Living at the companys expenses
sometimes yes, sometimes no
Case law is not unambiguously: in case a company has a house, and this is used
solely or primarily as housing by the director, are the expenses related to this
house deductible? The tribunal of Gent recently ruled no, but at the same time
the court of appeal came to another conclusion.
The Gent tribunal ruled not over one, but two houses
A man and a woman have a company, which they describe as a real estate company.
This company was created through a couple of mergers and holds a commercial
building, an apartment in Knokke-Heist and a house in Grembergen. In October
2014, the couple transfers its domicile from the house in Grembergen to the
apartment in Knokke-Heist, together with companys registered office. In March
2015, the house in Grembergen is destroyed by a fire. The compensation payment
generates a capital gain. The company wants to temporarily exempt this capital
gain. This is possible when the compensation is reinvested.
In 2017, there is a profound tax audit on the company for the tax years 2015 and
2016. The tax authorities assess that the immovable property which is made
available to the director is not used as part of the companys activities. As a
consequence, the expenses related to the homes are not deductible. Moreover, the
capital gain on the house in Grembergen cannot be tax exempt, since the first
condition is not fulfilled that the goods are used for the professional
activity of the company. The capital gain is therefore fully taxable.
The Ghent judge immediately challenges the qualification as real estate company.
It cannot be denied that the company holds immovable property, but the tribunal
seems to qualify the company as a patrimony company (as a company for the
management of ones own assets) rather than a real estate company (a company
performing real estate transactions).
The tribunal concludes that the fact that the company is registered as a real
estate company does not mean that the expenses relating to the two immovable
goods are automatically considered as deductible professional expenses.
The couple confirms that they use the homes themselves, but that they have the
intention to sell them in the future and that they would generate capital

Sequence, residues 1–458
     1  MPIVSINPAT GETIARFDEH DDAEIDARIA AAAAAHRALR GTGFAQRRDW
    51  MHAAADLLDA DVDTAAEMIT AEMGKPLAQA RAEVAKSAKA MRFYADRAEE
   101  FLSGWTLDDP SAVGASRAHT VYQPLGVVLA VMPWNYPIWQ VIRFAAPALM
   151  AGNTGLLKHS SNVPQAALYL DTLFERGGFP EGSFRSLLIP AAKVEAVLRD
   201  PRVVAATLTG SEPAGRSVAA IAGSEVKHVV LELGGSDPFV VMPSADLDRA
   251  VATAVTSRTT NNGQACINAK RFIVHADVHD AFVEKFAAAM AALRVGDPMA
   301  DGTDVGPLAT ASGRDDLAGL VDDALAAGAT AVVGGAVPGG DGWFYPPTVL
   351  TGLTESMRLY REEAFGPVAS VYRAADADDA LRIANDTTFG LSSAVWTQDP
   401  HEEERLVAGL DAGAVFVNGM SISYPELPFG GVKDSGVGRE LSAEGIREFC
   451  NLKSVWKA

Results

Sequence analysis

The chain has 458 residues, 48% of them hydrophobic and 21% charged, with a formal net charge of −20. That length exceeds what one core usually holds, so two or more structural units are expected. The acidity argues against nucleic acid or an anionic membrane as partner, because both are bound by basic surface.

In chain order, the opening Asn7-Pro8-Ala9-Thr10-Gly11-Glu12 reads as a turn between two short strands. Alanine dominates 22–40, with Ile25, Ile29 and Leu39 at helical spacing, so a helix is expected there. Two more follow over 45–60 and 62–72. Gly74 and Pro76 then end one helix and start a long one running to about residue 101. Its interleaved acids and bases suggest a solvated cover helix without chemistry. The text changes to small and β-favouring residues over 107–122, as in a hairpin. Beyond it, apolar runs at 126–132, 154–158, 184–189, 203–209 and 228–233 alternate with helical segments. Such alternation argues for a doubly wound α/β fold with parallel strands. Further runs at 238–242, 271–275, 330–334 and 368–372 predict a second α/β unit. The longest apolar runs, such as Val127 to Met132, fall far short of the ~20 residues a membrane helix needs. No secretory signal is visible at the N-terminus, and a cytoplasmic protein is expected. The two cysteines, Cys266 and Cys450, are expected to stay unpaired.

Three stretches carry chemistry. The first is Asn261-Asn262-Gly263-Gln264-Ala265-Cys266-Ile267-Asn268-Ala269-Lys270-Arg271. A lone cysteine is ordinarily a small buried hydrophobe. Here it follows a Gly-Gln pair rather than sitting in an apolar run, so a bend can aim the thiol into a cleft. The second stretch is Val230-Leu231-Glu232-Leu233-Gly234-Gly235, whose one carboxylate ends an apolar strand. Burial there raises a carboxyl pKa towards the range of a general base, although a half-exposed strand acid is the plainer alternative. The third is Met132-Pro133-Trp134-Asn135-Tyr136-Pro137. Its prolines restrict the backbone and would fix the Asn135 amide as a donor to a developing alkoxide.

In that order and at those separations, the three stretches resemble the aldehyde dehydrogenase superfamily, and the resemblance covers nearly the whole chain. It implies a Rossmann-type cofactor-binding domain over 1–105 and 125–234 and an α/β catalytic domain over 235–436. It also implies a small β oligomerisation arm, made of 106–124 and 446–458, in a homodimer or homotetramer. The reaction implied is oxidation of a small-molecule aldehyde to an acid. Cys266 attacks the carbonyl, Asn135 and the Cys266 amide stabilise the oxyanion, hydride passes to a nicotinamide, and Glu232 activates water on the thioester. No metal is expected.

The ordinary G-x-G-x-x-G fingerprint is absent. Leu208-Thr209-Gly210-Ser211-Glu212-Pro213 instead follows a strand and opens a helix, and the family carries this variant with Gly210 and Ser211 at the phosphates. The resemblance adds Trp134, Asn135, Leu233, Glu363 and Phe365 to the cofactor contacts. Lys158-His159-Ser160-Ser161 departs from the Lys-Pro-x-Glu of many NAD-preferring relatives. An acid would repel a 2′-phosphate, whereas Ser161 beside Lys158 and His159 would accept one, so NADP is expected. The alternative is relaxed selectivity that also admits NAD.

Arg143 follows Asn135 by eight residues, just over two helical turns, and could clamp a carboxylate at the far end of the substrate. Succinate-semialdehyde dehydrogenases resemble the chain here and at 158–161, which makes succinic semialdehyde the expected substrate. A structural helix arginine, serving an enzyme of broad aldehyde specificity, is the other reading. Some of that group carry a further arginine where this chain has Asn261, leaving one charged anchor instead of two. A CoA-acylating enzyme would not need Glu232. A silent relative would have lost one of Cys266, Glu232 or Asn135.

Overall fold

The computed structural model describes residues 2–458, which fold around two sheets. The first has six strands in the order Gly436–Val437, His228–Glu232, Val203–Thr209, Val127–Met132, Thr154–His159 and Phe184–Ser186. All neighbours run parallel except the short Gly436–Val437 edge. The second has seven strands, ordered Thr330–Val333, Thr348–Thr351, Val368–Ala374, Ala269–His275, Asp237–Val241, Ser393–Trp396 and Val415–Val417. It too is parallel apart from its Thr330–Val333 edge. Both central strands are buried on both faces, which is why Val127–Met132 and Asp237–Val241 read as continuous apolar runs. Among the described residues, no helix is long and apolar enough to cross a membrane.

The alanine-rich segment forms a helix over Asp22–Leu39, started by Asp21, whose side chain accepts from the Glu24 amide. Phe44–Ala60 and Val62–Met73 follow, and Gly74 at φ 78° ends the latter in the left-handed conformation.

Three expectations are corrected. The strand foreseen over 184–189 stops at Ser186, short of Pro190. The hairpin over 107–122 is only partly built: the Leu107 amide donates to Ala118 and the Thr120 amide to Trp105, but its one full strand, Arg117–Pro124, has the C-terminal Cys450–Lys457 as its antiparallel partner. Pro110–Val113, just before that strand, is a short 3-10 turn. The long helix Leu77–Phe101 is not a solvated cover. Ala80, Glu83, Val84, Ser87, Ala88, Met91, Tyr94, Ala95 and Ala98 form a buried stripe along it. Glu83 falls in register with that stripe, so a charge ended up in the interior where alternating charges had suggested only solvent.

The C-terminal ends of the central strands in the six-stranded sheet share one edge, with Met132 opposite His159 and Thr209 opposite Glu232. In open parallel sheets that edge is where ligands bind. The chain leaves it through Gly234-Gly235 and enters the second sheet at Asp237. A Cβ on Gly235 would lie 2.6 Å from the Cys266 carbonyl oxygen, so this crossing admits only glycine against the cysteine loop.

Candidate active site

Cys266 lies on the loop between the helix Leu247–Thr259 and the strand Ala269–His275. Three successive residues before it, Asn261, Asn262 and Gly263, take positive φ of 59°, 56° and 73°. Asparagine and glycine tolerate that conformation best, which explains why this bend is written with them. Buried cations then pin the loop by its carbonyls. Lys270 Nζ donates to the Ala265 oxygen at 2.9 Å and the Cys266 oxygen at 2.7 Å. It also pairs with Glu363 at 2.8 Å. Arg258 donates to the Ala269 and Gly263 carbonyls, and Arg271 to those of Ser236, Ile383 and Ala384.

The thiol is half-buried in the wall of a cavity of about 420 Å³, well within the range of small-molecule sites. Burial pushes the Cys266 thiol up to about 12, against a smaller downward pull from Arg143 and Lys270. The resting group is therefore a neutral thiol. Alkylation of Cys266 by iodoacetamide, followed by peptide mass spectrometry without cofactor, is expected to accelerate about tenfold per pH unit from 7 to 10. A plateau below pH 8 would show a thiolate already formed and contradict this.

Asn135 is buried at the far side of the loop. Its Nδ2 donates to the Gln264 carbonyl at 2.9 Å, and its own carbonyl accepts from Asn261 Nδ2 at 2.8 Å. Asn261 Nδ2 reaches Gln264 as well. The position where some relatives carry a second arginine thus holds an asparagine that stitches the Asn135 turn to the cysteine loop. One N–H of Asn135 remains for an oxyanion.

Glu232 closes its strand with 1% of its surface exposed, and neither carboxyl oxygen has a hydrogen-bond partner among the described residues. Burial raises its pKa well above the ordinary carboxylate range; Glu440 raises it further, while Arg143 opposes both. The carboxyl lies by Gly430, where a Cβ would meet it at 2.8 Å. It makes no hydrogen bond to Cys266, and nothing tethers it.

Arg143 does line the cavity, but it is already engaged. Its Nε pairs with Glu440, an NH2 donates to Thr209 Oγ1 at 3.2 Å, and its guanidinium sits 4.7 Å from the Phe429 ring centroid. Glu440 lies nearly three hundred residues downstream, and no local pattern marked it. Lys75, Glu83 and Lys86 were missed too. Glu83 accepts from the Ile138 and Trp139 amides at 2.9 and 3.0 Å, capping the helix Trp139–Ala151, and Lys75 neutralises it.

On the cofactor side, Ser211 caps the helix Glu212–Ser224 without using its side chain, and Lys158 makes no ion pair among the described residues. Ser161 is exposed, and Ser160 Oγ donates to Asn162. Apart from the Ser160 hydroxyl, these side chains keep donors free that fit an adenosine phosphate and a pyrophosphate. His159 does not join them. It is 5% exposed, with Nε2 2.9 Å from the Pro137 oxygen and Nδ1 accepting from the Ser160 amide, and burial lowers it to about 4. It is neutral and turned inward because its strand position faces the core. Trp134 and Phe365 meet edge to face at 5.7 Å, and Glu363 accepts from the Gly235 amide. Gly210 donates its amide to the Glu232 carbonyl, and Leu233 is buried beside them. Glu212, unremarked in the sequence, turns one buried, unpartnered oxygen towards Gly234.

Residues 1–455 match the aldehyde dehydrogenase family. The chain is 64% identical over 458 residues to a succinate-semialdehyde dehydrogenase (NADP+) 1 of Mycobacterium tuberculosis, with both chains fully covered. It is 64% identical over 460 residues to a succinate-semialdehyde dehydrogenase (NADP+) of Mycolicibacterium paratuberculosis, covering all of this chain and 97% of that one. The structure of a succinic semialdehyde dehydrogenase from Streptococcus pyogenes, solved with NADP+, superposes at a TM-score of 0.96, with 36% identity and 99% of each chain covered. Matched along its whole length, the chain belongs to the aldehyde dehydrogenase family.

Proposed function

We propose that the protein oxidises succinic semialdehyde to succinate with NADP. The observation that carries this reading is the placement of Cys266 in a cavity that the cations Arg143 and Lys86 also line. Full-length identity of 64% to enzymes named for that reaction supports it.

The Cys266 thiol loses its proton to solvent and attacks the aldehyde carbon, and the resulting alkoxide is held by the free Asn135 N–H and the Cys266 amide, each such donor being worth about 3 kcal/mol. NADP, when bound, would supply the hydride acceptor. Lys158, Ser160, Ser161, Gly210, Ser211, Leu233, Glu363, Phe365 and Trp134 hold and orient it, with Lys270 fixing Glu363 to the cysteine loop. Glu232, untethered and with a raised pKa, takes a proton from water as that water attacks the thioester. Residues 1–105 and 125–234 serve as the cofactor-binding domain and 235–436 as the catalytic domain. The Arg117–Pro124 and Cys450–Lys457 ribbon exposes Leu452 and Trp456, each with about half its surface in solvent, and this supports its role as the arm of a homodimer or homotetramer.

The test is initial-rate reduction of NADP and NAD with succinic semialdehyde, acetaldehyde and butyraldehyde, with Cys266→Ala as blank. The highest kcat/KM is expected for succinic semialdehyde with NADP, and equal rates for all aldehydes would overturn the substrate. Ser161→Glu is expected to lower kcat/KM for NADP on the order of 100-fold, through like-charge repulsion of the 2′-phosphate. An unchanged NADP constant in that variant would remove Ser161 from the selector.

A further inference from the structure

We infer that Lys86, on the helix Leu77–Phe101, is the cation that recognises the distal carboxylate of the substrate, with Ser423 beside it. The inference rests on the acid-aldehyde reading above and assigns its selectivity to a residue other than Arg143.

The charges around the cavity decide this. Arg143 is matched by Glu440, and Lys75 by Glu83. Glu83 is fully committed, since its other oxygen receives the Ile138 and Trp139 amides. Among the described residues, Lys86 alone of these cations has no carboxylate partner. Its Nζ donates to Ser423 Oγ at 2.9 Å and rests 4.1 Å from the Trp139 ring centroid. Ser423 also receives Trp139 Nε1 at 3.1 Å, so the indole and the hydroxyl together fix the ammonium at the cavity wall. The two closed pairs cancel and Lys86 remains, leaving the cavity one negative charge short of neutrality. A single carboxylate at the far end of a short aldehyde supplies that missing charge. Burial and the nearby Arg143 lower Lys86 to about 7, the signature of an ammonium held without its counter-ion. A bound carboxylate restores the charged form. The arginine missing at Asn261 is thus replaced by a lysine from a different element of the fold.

Such theoretical consideration does not convince the tribunal: the fact that the
buildings will eventually generate capital gains is not sufficiently
demonstrated. And even if they would generate capital gains, currently the
conditions for deductibility are not fulfilled, since the capital gains today
are no given fact.
What about the remuneration theory?
According to this theory, a company can
qualify the expenses in order to grant its director benefits in kind as a result
of his professional activity within this company as deductible professional
This is the case here: the director obtains a taxable advantage
through the free living.
However, it appears that the director paid a contribution for the house. This
own contribution was accounted for on the debit side of his current account. The
amount was exactly the same as the benefit in kind, so the director in practice
didnt have to pay any tax.
The tribunal found that the tax authorities legitimately came to the conclusion
that the benefits cannot be considered as a remuneration, as the equivalent of
the benefit was fully accounted for and the director should repay this
Therefore the remuneration theory does not apply.
The court of appeal on a villa with pool
A case before the Ghent court of appeal concerned a villa with pool and pool
house, in the hands of a management company. The company itself used the
building for 20%. During the rest of the time the building was put at the
disposal of the director, which paid taxes on the benefit in kind.
The company invokes the above-mentioned remuneration theory in order to deduct
the expenses related to the house for 100%.
The tax authorities reject the deduction and argue that the free provision of
the house is not intended to remunerate the director for his services in the
company. The director also received cash and the contract didnt mention the
house as the consideration for services. But the director refers to the minutes
of the general shareholders meeting where it is explicitly mentioned that the
director receives as the remuneration for his mandate both a periodical salary
in cash and benefits in kind related to the private use of the house.
The tax authorities also refer to the disproportionality between the amount of
the benefit in kind and the amount of the expenses. But this argument is never
or rare accepted: the fact that the taxable benefit in kind is much lower than
the real value of the benefits is due to the lump sum valuation which is imposed
by the tax authorities themselves.
After all the court also rejects the argument that the real value of the
benefits is very high. That is an opportunity judgment. The court assesses that
there is only one director and shareholder. No personnel. Thanks to the
director, the company obtains a considerable income and therefore the company
can grant a considerable salary to its director.
The judgment of the Ghent court of appeal shows that a house in a company
together with all its tax advantages is still possible. On the other hand, the
ruling of the Ghent tribunal indicates that there are still potential
The most important difference between both cases seems to lie in the question to
what extent the free house is an alternative remuneration. There should be a
reason for the compensation. This seems to be the case in the courts judgment,
which is not the case in the tribunals ruling. Fact is that who wants to get
the most out of it will receive resistance from the tax authorities. And that
can take a long time